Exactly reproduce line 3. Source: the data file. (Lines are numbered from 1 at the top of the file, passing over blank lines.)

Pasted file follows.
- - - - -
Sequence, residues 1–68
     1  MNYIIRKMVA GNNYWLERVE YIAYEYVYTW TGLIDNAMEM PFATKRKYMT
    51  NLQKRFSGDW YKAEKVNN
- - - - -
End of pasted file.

    51  NLQKRFSGDW YKAEKVNN